HUFFINGTON POST
03/16/2012 09:46 am ET | Updated Mar 16, 2012

Ecstatic Music Festival 2012: Dan Deacon On How He'd Like To Shake Up The Classical World

This is the first in a brief series exploring the Ecstatic Music Festival, a two-month-long musical event pairing musicians from the contemporary classical and indie rock worlds.

Though 30-year-old composer and musician Dan Deacon studied composition at SUNY Purchase, he's perhaps best known for his dance ready synth and electronic sounds and the raucous, sweaty live shows that accompany them. His official biography describes his music as "striving to take contemporary experimental composition and electronic music out of the circle of the esoteric intellectual gangs and hipster communities, placing it into the more informal 'fun time.'"

Last year, at the inaugural Ecstatic Music Festival, Deacon teamed up with the percussion quartet So Percussion, for his new piece "Ghostbuster Cook: Origin of the Riddler" resulting in a wide-ranging performance that included soda bottles, marimbas, synths and percussion. He's back for more "fun time" at this year's Ecstatic Music Festival, where he's collaborating with the NOW Ensemble and the Calder Quartet. We spoke with him about his upcoming performance, the intersection between contemporary classical and pop music, and the ways he'd like to shake up the classical world.

What has it been like writing for musicians, and not your synthesizer?

There are such limitations to human players. I've re-entered the world of writing music for humans and the one thing I've learned are the limitations are what make cool parts cool. It's a very different process. I want to do more of it -- I think any composer's quest is for more sounds, more canvas, more sound sources. I've worked in the synthetic world for so long it's nice to finally have all these rich acoustic sounds to complement the synthetic and vice versa.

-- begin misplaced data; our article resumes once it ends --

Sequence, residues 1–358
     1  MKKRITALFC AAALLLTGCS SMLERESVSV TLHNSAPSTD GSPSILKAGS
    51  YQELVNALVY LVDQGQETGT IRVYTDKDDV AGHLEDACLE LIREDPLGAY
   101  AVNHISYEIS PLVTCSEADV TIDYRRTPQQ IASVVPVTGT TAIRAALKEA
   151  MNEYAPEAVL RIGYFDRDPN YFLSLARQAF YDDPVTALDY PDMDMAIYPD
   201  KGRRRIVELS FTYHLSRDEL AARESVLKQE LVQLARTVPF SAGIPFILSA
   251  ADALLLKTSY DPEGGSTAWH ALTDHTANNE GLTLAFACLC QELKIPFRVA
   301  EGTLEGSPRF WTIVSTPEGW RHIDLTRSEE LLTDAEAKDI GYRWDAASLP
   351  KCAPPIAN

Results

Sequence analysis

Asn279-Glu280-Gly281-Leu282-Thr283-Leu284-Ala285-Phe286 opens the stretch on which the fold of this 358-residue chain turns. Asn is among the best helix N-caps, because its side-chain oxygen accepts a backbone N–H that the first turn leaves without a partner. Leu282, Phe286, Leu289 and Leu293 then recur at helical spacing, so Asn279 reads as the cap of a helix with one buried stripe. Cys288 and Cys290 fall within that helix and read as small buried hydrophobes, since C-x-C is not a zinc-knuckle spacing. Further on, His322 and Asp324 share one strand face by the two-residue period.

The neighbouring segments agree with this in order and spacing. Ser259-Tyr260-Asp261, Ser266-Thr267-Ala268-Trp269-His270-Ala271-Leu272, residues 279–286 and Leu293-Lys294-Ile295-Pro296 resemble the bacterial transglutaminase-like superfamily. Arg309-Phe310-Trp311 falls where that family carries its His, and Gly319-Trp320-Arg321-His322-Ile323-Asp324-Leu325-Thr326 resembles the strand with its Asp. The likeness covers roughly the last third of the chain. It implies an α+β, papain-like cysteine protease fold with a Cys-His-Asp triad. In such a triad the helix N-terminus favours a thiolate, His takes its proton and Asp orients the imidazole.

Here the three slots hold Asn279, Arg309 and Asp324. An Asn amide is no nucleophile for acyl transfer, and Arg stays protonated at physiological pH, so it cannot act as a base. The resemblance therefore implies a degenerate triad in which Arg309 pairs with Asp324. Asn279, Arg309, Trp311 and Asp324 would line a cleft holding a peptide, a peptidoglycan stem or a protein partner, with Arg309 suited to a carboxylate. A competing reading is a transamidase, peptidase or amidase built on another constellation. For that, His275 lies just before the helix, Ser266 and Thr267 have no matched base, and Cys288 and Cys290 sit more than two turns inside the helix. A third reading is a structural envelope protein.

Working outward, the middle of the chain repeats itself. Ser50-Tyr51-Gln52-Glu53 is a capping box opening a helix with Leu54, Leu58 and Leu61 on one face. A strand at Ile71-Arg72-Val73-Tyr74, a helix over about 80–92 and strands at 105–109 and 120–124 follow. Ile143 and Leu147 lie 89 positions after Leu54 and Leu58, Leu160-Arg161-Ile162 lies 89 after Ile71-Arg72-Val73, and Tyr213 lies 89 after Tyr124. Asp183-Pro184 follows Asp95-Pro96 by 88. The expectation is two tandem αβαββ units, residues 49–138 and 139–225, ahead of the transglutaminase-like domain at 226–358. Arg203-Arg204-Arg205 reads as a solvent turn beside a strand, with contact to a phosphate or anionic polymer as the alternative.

Your performances are known for their high energy, party-like environments. How do you feel about concert-style performances, as in your show for Ecstatic?

When they're seated, the audience can really relax and take in the music. When people are standing, with my solo electronic pop sets -- I remember going to shows as a kid and being like, even bands I really like, 'My feet hurt I've been standing for three fucking hours, it sucks, we're all standing looking in the same direction.' I like to make movement a large element of the show. Music is uplifting and dance based and we're moving around and re-contextualizing the space. Physical seats can't be moved, and it's hard to get people to shift and move around, so the focus will be on the stage. They can relax and let the music soak in -- it's a lot more like traditional theater or going to the movies. A lot of the staples of my other shit, like throbbing beats and dance movement and stuff won't work here.

Ecstatic tries to put together musicians from the contemporary classical and indie music worlds. Do you feel like its a particular moment for that kind of blending to occur?

People talk a lot about the merging of indie and classical, but to me that's been happening forever. Folk and pop have almost always been worked into the avant garde. It's more apparent now because we're alive, we're seeing it in our lifetime, but it's becoming more and more fragmented. People who write pop music are also starting to like contemporary classical, because its easier to find -- you can get it online very quickly. The modern-day person thinks composers stopped with Mozart. The cool thing about this, it's changing that and redefining the musician as composer. It seems to be similar to what was happening in the seventies, which is good.

What are the boundaries keeping these fields apart, in your opinion?

You have the mixture of pop music and avant garde and experimental -- the biggest thing keeping the separation is how cheap pop music shows are and how expensive these concert shows have to be. We're starting to see ensembles touring in a punk style in houses and basements. That's the big thing -- the big chasm, the economic gap, you can see a show for eight bucks or you can go to the Merkin Concert Hall and it's more expensive. The world needs both, and I think when were bridging the gap and making both... one thing that'd benefit both scenes both DIY and the new music 20th century compositional world. We need composers and forward-thinking ensembles thinking that way: Getting in the van and touring.